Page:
The report recommends, “A no-population buffer zone of 500 meters around the perimeter of the MAH installations is to be set up for future installations. There should be a specific provision in the central legislation on land use planning requiring the concerned authorities in the (centre or state as the case may be ) to maintain a no population buffer zone of approximately a 500 meter width around the perimeter of an MAH installation. After the provision suggested above is made in the land use planning legislation, the necessary amendment shall be made in the rules and the environmental impact assessment notification 2006 to give necessary effect for implementation.”
The report adds, “The time to provide effective response to chemical emergencies is a key determination for buffer zone dimensions. For example, even with rapid and qualified response, population within a certain zone cannot be protected. On other hand, without a qualified response, a buffer zone of 500 meter may not be adequate. Therefore, the land use planning and permissions for new infrastructure development should consider existing hazards and vulnerability to them… Additionally, the environment department and the GPCB may consider chemical vulnerability assessment as a part of chapter on disaster management in the environmental impact assessment report as a key decision factor to permit new industry.”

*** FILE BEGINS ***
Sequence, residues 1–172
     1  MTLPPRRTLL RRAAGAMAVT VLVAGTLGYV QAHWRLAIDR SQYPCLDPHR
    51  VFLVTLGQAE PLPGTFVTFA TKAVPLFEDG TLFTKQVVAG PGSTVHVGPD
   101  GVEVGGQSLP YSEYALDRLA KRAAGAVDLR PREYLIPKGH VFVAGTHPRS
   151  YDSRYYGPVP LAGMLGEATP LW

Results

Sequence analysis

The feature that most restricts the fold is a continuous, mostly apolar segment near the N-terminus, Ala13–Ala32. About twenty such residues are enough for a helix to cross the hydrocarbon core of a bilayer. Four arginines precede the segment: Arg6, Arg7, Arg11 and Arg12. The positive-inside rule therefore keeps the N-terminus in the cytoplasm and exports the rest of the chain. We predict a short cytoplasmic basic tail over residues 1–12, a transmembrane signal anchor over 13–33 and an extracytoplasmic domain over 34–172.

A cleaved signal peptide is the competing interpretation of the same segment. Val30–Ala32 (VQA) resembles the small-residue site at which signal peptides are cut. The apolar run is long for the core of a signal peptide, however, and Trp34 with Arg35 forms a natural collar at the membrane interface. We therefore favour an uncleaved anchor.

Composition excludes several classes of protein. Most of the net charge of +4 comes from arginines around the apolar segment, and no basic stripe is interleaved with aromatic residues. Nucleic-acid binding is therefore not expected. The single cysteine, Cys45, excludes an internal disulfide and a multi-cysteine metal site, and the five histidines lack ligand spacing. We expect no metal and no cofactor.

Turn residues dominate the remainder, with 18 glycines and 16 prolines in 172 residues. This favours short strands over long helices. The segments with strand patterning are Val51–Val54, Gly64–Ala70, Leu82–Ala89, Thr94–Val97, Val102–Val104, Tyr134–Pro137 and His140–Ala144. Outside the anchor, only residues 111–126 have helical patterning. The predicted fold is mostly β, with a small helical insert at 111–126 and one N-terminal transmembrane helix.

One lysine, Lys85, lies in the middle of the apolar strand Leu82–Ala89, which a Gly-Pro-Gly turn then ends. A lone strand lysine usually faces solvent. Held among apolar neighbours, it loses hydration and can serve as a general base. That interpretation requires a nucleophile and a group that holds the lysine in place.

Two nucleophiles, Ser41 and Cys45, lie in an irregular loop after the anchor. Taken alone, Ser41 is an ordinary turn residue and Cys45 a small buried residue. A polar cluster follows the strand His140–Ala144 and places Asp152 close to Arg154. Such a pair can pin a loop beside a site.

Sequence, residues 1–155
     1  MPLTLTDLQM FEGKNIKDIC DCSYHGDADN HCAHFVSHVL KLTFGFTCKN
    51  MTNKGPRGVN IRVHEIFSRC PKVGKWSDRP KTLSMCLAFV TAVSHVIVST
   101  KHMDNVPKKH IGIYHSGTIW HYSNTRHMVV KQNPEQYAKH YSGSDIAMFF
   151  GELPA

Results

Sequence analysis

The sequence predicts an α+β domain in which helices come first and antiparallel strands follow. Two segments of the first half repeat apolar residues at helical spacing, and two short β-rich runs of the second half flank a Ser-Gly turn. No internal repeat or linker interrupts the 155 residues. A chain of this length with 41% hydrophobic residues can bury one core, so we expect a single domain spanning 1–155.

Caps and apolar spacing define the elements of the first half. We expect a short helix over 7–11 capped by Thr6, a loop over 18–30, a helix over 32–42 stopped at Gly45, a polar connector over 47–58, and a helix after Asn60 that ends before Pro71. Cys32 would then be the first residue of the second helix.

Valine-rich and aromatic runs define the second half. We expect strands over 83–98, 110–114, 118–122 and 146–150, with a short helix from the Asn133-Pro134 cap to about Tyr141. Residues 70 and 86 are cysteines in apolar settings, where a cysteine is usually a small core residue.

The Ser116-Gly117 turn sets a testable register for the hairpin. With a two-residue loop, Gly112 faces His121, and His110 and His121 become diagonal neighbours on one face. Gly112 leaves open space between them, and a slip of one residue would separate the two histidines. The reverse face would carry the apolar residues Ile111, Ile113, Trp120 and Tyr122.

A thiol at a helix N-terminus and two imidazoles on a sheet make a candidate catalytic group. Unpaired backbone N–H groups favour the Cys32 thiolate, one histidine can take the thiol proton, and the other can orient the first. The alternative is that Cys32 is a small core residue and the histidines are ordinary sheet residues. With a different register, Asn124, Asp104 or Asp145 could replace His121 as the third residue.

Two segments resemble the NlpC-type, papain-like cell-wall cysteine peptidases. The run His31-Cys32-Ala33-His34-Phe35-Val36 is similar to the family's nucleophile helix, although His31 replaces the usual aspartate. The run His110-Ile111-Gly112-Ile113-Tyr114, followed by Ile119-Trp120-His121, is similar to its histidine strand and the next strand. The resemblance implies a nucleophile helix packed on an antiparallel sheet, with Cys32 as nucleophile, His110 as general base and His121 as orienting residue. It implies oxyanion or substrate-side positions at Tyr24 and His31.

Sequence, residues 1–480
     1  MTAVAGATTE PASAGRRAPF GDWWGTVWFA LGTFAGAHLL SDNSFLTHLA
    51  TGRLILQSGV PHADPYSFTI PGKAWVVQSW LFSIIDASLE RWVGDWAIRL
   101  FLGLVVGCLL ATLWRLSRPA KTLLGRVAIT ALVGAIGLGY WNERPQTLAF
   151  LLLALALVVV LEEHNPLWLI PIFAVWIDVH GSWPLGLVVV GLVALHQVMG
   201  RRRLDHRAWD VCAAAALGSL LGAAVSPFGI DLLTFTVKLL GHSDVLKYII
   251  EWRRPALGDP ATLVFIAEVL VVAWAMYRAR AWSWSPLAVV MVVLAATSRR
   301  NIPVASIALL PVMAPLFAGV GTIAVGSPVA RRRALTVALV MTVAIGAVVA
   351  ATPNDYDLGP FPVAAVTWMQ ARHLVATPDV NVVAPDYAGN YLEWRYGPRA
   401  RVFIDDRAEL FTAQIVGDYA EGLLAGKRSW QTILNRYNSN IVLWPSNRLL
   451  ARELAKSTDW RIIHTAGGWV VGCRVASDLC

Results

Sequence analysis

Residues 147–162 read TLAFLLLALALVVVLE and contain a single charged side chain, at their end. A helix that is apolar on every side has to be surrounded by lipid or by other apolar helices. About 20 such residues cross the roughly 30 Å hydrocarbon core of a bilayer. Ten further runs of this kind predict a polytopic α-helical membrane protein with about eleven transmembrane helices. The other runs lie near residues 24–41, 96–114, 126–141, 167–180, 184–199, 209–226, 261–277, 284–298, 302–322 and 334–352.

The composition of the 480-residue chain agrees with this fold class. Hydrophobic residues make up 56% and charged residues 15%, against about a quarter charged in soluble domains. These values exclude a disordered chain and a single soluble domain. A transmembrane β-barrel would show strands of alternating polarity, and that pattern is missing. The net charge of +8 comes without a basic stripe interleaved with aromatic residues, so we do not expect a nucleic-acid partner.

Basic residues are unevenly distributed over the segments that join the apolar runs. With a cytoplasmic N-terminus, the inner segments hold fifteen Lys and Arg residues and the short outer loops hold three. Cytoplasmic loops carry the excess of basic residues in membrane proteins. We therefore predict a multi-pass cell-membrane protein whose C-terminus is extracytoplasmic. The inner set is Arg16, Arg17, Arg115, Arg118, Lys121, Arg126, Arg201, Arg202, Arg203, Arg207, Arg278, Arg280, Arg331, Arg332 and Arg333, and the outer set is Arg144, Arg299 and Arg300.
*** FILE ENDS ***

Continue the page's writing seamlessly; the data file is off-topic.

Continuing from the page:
Comments

TRENDING

Constitution day makes us remember and rethink the values that India stands for

By Dr. Kapilendra Das*  India, also known as Bharat, was liberated from British rule and gained Independence on August 15, 1947. So every year on 15th August we celebrate Independence Day throughout the country. The Indians felt the taste of freedom, but there were no rules and regulations to govern the country for which British rules were effective up to January 25, 1950. To govern India, the draft constitution was prepared by the Drafting Committee which was published in January 1948, and the same was finally adopted by the Constituent Assembly on 26 November 1949, the day of an important landmark in India’s journey as an independent, Sovereign, Socialist, Secular, Democratic, Republic. The constitution so adopted came into force on 26 January 1950. To memorize 26 January, every year we observe Republic Day throughout India. To mark rethinking and remembrance of the day of adoption of the constitution of India, 26 November has been celebrating as “Constituti

Seventh most vulnerable nation, effects of climate change can be seen in Bangladesh